“We’re disappointed,” Continental Tires representative Greg Tysor said. “There has not been a spec tire in dirt track for many years – the class is already spec enough. Our company had offered a sizable contingency plan, but the AMA felt that this move would save riders money.”
One sticking point, according to Tysor, was the fact that AMA Pro Racing mandated that the spec tire be able to be run in either direction, a common practice in dirt track racing. Continental tires were banned briefly at the end of the 2000 season due to safety concerns after an incident at the Springfield Mile when factory Harley-Davidson rider Scott Parker’s Continental rear tire suffered a tread separation. The brand was reinstated in 2001 and proved to be the tire of choice on the looser, pea-gravel tracks on the circuit. Even so, Tysor claims that meeting the AMA’s safety criteria would be all but impossible for any tire manufacturer.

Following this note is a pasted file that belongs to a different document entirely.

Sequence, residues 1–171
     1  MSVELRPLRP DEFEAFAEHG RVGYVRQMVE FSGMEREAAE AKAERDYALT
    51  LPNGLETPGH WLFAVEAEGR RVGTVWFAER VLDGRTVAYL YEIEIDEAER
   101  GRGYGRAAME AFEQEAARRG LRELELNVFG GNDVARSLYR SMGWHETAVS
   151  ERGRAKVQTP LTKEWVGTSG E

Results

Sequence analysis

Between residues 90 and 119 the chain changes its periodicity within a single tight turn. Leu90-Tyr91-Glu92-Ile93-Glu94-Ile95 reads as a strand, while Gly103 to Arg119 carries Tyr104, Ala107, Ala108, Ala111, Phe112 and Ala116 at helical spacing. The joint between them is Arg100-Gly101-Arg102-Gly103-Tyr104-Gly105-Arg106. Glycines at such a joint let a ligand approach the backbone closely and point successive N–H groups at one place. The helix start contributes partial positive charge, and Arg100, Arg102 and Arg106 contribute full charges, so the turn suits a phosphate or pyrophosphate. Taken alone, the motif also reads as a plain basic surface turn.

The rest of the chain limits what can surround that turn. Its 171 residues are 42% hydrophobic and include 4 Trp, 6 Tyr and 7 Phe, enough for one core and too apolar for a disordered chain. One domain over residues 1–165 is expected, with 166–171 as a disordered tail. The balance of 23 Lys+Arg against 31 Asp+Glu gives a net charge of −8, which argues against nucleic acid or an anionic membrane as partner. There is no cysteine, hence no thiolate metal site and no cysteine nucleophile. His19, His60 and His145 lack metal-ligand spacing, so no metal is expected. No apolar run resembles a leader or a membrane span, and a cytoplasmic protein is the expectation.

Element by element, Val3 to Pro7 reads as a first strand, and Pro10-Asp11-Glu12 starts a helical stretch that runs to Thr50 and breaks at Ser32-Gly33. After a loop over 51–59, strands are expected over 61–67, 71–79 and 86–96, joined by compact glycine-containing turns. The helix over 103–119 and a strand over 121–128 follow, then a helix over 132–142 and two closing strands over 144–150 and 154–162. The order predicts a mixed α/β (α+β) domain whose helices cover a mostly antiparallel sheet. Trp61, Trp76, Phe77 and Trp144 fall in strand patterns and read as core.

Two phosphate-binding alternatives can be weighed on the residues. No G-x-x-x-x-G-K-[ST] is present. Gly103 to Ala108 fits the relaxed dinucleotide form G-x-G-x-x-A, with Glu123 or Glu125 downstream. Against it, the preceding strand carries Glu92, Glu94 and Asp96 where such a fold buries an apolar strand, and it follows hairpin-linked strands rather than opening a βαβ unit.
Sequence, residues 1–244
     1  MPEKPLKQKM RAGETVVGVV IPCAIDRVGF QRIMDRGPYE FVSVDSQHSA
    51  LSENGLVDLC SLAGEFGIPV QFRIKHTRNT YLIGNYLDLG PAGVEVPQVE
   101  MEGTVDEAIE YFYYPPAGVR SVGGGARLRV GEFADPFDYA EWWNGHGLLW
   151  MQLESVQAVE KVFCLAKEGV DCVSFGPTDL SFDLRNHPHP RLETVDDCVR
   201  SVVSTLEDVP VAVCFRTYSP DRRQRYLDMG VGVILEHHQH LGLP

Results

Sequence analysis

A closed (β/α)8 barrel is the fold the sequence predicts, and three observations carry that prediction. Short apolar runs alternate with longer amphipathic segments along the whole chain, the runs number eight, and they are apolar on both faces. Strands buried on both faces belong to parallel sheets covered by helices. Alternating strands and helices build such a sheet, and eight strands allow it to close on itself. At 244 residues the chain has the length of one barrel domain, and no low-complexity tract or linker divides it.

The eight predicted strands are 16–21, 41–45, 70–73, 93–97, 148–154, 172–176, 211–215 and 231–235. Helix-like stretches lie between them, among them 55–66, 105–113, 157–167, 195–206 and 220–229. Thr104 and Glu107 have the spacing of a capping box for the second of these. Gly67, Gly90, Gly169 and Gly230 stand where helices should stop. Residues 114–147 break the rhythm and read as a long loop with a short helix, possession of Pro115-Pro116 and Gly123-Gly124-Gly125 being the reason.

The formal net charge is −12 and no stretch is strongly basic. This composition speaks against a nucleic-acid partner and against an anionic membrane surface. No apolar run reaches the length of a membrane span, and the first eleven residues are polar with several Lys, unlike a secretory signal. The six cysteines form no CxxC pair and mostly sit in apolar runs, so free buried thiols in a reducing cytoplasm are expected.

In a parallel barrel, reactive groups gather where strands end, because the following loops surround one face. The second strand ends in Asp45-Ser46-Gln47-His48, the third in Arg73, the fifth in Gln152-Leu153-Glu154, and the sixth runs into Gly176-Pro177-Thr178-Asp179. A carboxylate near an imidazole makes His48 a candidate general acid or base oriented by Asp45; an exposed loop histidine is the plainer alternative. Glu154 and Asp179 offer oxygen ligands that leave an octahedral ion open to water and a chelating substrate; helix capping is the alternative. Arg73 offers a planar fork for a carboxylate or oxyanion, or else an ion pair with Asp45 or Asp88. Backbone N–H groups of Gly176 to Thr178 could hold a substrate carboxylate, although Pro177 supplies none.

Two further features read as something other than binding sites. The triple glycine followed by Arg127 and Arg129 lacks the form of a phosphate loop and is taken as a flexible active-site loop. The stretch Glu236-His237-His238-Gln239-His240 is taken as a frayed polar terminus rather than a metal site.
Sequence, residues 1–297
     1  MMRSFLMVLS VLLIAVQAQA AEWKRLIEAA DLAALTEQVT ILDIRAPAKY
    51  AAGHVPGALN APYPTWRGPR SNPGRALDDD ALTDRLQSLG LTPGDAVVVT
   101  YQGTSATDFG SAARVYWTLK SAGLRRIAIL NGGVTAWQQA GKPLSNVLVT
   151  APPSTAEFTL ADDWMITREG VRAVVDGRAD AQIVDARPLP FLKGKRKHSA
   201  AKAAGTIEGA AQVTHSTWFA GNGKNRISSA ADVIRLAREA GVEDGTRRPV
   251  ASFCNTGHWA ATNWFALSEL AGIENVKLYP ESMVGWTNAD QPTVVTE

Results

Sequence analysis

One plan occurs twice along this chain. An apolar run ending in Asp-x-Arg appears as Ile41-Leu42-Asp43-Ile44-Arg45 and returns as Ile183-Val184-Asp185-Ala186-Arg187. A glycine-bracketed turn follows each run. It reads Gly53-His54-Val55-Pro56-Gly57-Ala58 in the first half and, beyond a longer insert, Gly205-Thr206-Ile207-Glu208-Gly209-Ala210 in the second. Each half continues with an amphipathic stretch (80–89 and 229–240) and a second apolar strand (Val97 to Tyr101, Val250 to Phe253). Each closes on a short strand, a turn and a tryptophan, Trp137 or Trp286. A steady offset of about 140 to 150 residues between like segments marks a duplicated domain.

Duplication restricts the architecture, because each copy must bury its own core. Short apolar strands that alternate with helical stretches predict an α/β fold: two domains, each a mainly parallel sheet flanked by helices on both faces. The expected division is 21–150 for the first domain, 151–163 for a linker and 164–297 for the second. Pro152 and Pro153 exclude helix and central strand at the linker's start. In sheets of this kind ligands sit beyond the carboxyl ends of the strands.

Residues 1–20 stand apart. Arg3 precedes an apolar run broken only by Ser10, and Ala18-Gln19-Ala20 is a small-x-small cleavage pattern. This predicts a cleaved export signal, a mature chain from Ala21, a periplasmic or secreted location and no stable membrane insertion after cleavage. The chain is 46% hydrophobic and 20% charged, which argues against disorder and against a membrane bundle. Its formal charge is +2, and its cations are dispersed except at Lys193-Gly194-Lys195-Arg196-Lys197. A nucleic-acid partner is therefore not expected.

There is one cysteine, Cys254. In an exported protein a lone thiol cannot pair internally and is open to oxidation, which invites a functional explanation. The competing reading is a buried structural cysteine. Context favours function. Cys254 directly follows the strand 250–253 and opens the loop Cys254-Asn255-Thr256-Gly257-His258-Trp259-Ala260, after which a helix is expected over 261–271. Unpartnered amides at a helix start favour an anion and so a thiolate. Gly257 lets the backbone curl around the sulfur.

“If you understand tread splicing, then you would also understand that if you ask a tire engineer to build a bi-directional tire that is capable of 140 mph in a high-traction environment, he’ll just laugh at you. That’s like asking Jim Allen of Dunlop to build a bi-directional road race tire. Our tires have a directional arrow, and Goodyear tires have a directional arrow. But the bi-directional thing was something that the AMA mandated to us.
“We are still able to sell tires for the AMA Hot Shoe Series and also for the regular AMA pro races, but it was important to us to be able to compete at the top level in light of the new television opportunities that have come along. This is just an unfortunate turn of events.”